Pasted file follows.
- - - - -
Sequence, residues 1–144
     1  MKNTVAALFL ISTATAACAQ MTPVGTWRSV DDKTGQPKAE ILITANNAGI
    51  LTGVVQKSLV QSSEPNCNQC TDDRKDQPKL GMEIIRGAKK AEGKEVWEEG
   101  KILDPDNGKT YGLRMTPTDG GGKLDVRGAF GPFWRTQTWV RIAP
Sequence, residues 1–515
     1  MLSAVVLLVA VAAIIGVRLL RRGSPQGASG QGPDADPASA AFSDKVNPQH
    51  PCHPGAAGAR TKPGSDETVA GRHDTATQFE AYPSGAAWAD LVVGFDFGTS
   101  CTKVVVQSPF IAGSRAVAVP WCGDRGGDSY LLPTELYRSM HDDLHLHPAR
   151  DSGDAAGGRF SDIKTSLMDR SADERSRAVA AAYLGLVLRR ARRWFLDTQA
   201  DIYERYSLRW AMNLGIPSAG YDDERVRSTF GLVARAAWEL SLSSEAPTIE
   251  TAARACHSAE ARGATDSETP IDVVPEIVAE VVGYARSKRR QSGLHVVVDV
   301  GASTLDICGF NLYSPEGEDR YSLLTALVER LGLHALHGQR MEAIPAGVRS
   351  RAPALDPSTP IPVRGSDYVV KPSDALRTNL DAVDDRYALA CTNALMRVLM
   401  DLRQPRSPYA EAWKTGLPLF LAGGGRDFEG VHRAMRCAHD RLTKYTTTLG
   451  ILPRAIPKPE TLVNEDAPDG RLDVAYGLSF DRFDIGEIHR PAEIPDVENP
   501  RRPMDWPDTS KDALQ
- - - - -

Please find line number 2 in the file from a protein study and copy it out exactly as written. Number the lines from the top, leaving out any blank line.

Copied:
     1  MKNTVAALFL ISTATAACAQ MTPVGTWRSV DDKTGQPKAE ILITANNAGI